It’s as if Colin Meloy let loose the birds from the branch and commanded the clouds to descend at a speed that speaks to my inner desire for fight. Another road-trip: Queen Anne’s Lace, rods of gold, iron stalks.
We arrive on Culp’s Hill, which played a prominent role in the battle of Gettysburg, two rounded peaks, separated by a narrow saddle. We stand there for a while imagining the dead and half dead being eaten by wild pigs. When I register the puffy white kid in the civil war hat his father purchased in the visitor center, or the purple buds clinging so tightly to a branch they look like frenzied insects—Did you get that? My husband shouts at my lens. Yes. Yes, I did, the branch, the buds, and the puffy boy. Where have you gone?
The rifle revolutionized the war, bullets circling the inside of the barrel propelling further than ever before.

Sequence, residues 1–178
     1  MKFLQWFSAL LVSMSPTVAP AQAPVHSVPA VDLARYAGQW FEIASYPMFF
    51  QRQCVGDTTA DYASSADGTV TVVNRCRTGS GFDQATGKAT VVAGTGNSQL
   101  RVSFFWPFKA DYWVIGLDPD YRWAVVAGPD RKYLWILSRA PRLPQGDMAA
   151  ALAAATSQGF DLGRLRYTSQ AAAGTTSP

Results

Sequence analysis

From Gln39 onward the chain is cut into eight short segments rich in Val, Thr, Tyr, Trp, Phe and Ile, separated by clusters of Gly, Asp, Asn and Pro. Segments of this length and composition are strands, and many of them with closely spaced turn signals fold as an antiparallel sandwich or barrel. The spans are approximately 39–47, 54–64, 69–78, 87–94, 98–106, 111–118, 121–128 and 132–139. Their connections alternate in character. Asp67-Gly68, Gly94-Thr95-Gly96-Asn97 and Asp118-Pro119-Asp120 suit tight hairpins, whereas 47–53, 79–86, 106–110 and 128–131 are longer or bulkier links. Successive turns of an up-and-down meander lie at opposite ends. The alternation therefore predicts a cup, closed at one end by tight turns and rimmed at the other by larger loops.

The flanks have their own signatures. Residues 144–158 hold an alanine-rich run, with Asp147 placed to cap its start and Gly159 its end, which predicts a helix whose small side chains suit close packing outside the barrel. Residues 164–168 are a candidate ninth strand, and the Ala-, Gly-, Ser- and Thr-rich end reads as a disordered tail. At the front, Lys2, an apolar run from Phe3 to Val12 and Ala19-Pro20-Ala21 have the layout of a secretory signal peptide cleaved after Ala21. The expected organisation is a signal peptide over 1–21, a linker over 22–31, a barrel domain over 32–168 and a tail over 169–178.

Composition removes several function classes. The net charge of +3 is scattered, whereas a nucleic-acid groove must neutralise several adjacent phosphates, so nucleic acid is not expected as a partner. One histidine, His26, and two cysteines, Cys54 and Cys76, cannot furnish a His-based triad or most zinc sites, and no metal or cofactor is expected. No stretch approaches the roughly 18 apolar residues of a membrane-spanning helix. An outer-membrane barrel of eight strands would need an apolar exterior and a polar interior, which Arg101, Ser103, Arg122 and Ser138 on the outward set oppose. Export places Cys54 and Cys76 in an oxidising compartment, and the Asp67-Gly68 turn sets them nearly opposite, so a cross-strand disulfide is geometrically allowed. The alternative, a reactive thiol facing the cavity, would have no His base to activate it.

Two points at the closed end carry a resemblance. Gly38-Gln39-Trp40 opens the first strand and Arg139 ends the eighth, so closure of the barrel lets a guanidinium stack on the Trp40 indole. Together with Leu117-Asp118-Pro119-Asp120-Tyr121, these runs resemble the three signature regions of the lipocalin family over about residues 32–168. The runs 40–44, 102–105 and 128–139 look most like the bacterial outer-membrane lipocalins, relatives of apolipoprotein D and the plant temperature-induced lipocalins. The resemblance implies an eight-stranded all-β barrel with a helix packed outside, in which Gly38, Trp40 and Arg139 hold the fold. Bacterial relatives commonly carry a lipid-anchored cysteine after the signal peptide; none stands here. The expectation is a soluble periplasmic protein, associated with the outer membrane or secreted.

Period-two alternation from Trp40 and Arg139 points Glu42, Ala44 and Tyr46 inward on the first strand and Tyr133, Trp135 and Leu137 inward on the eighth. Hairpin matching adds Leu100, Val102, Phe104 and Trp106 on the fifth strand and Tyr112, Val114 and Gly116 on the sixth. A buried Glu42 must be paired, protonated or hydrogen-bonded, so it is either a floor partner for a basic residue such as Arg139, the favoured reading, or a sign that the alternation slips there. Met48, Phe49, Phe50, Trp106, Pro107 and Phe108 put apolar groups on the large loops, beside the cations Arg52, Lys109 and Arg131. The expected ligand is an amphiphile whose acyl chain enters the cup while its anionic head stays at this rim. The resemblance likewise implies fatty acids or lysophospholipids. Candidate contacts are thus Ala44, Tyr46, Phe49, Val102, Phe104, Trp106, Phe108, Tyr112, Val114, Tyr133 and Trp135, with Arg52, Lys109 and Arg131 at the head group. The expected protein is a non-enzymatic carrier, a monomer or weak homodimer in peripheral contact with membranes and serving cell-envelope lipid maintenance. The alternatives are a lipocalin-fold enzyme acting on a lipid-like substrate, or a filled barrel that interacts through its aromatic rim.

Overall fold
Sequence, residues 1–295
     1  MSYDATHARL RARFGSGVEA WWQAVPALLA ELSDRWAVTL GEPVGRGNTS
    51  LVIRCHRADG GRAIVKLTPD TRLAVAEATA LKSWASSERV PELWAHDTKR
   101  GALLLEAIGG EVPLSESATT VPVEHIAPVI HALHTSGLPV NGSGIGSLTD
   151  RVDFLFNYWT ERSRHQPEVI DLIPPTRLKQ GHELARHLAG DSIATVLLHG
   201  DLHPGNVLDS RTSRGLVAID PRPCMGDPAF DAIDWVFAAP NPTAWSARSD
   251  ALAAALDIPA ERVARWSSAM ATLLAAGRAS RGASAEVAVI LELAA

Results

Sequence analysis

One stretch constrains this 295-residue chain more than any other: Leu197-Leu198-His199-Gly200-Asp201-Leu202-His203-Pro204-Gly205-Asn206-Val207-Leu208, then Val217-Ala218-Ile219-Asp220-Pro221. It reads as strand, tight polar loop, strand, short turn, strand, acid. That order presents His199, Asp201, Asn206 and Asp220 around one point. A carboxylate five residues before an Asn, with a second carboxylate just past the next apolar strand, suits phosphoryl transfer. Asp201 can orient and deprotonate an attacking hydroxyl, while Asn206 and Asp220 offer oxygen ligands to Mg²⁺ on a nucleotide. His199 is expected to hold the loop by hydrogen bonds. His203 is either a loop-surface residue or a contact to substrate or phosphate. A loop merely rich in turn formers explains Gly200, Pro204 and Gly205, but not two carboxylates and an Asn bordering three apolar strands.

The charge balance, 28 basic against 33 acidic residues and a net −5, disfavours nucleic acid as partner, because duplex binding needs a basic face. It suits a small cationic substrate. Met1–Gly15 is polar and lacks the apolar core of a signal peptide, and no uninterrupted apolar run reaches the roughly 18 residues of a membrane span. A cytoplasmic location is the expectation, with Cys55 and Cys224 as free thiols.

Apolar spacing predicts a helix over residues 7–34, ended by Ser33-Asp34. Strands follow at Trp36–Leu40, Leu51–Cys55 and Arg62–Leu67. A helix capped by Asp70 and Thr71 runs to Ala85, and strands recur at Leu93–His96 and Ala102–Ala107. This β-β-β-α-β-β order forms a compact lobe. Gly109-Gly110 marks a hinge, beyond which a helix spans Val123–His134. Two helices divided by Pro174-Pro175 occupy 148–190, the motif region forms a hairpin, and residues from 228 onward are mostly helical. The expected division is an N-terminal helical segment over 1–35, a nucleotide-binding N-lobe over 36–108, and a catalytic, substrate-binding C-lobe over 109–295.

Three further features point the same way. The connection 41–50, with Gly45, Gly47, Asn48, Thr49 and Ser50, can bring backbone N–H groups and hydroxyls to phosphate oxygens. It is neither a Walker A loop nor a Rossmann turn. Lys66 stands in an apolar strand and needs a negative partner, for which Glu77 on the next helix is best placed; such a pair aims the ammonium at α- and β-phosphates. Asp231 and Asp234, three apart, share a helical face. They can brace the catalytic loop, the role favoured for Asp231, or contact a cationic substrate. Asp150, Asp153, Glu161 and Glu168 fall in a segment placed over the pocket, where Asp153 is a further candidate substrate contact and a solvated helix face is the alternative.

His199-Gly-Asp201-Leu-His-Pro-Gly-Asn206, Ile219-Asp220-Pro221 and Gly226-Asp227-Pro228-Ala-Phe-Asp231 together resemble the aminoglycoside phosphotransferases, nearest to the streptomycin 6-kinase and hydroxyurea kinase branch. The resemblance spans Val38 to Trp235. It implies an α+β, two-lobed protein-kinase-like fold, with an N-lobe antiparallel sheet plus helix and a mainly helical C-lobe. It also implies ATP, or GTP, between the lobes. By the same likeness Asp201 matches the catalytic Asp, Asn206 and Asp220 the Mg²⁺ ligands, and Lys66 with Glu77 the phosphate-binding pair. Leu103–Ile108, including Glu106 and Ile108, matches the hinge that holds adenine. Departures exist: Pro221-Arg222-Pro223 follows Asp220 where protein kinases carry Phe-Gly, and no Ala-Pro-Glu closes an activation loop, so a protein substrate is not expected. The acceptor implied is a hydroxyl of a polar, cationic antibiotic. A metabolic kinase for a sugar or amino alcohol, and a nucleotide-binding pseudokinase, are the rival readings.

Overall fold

Devil’s Den, a field with craggy stones where people convince themselves that they see something; feel a cold spot, a heady scent. I shoot headlong into the expanse of it. There is no focal point, shapeless, nameless, and when we edit these photos later this will be the one. Maybe it was just sand kicked up by a circling tire, or a slow shutter hesitant to click shut?
Fact: There are more than 1,400 monuments, markers and tablets at Gettysburg. More than 30,000 dead and wounded soldiers were left in the battle’s wake. More than one-third of all known photographs of dead soldiers on Civil War battlefields were recorded here.
Tell me again why we’ve come?
The relative inaccuracy of the musket was considered to be significant; smoke from the black powder quickly obscured the battlefield, in the end rendering them useless—What we convince ourselves we know, what begins the empirical method? Bride of all unquiet things—why we fight.